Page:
I was third from the end, then hubby on my Thow-ra and another rider behind him. The pitch was ridiculous, it was very long and high, and covered with short grass. Horses grunted from the effort and struggled. Robin followed the horses in front of us and really had to dig in, to propel herself upwards. I kept glancing back to see how hubby and Thow-ra were doing, and happened to look back exactly when the steel ring broke out of the wide, brand new roping cinch we had purchased only days before. When Thow-ra bunched together in her efforts, the cinch couldn’t handle the pressure, and catastrophic failure resulted! Off saddle and hubby slid, down Thow-ra’s back, over her rump and onto the ground behind her. As if in slow motion, Thow-ra went to her knees as she, hubby and saddle slid back down the hill a good ten feet or so. About twenty feet below them or so, another horse reacted, tried to turn sideways and promptly slid out. It was so ridiculously steep, and the grass made it slippery. I had no choice but to carry on. To stop was impossible, to turn foolhardy. Once attaining the top, I leapt off Robin, passed off her reins for someone to hold, and went to help.
It was the most hilariously funny thing I have ever seen. They both appeared to be perfectly fine and without injury, other than some grass stains and the cinch, of course.
Having had the presence of mind to let go of the reins, hubby had staggered to his feet, picked up the saddle by the horn, and was making his way up to where Thow-ra still waited. Without setting the saddle down, he collected the reins and helped Thow-ra to her feet again. The pair took each measured step upwards with the grace of a turtle, a sea turtle, out of water. Carefully making my way down to meet them, I took the reins and couldn’t help it. I grinned, and I giggled, too.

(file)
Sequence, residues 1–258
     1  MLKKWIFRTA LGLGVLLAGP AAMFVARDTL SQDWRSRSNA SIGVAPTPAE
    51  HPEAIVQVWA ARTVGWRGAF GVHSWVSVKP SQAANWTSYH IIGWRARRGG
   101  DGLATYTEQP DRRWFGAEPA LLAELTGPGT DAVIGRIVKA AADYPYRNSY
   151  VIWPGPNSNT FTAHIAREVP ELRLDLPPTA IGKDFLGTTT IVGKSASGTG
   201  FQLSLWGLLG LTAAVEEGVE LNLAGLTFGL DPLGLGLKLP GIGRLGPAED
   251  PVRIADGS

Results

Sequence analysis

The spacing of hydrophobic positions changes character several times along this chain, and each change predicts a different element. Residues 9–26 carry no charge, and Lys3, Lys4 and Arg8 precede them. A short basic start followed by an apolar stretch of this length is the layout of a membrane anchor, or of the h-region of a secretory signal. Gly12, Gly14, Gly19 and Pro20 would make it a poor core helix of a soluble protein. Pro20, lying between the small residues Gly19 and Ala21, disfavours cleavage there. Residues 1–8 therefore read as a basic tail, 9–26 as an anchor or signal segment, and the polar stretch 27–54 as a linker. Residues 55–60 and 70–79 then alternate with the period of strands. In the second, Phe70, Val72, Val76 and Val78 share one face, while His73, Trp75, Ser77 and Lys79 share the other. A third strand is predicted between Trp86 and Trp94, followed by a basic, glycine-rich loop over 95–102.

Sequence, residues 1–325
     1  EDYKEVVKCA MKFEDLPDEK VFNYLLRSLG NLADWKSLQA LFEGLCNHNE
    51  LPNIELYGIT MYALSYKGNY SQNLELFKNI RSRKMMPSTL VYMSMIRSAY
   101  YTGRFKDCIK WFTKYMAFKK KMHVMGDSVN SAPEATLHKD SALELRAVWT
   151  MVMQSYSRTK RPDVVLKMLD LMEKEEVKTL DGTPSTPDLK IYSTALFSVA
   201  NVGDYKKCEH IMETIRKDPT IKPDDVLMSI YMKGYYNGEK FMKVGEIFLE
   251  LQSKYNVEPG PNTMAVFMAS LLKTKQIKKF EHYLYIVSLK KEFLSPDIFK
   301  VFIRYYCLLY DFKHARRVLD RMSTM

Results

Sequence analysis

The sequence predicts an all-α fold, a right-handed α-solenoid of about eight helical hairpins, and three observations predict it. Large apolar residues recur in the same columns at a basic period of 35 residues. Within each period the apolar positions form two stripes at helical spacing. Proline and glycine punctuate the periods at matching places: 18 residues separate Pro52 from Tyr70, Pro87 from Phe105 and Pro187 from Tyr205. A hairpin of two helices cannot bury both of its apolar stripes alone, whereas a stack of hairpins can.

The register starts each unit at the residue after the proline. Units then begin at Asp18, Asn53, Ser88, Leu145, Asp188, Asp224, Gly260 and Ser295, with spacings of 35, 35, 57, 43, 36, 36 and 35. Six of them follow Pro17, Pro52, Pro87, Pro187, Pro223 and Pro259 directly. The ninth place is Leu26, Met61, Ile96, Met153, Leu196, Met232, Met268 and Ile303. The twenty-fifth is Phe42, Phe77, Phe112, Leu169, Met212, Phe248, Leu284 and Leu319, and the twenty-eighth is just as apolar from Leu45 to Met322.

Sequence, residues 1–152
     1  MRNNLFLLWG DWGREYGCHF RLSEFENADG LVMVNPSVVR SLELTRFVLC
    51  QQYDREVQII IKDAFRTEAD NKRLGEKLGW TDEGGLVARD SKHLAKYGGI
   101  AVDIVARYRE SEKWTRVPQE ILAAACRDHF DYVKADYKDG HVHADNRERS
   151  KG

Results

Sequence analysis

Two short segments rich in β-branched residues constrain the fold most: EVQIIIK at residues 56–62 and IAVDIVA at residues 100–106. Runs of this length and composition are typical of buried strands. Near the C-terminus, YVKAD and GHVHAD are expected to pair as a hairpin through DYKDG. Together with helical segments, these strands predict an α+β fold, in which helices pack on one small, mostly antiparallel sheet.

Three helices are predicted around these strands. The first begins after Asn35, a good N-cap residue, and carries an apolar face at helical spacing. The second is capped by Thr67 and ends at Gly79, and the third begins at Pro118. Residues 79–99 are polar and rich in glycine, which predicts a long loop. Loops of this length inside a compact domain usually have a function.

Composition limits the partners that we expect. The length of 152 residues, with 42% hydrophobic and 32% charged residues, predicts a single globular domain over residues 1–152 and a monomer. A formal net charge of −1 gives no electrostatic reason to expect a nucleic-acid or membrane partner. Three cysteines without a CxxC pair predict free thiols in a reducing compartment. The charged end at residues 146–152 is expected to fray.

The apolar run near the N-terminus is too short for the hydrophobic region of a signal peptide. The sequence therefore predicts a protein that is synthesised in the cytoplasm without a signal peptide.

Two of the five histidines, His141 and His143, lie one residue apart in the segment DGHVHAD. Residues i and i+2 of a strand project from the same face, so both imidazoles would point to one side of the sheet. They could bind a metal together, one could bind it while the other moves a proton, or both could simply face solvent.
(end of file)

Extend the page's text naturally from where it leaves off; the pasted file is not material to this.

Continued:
“Don’t you dare laugh,” he warned, though he was barely able to keep a straight face, “I mean it.”
“Okay,” I agreed, even as laughter bubbled up, “I won’t, promise,”
“Liar,” responding to my laughter, he wryly smiled, “stupid cinch. So much for new and overkill. First ride, too. Now what?”
“We’ll figure something out,” I shrugged as I helped Thow-ra the rest of the way. I couldn’t stop giggling. He looked like some bow-legged cowboy, his legs wide and bent as he tried to keep his balance and carry the saddle as well.
The other rider whose horse had slipped out onto its side had also had folk go to her aid, and thankfully, other than a sore leg, she and her horse were both okay. It could’ve been so much worse.
A cinch was fashioned out of someone’s back cinch, the saddle was secured in place, and we were off again. I have no idea if the ‘cowboys’ regretted messing us around or not. I hope they felt at least a little ashamed of themselves, but as it turned out, karma sometimes steps in to set things right. We were crossing a wide meadow, when one of the horses of our fearless leaders suddenly exploded. I’m not even kidding, quite literally exploded. It started with a squeal and mighty buck that never stopped. It bucked until the cowboy sailed into the air. It bucked until the saddle flew off, and still it kept bucking. When the big horse finally stopped bucking and ran, all wild-eyed and freaked out, back to its concerned buddy.
I’m pretty certain that the cowboy wasn’t at all pleased with his horse, until I pointed out the trickle of blood, running from the poor animal’s nose. Of course the horse had lost its mind. Something, wasp or whatever, had stung it up the nostril. The pain must have been incredibly intense. This time there was a billet strap to somehow replace, but between everyone, it was sorted. Maybe it’s a little wicked, but it seemed like someone had just received what was due him. That the horse was stung was awful, yet as it happened and it was no one’s fault, I took it as karma. Even now, so many decades later, I grin a little. I’d never seen anyone fly through the air quite like that before. It really was a sight to behold.
Oh yeah, one guess who ended up with Robin?

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About Trudy Andrew

Trudy Andrew lives on a small farm just east of Winnipeg, Manitoba, where she enjoys her Morgan horses. A dreamer since she was a child, its no surprise to those who know her well that her imagination would find an outlet in writing, as it has in the past through artwork.
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 Oakbank, MB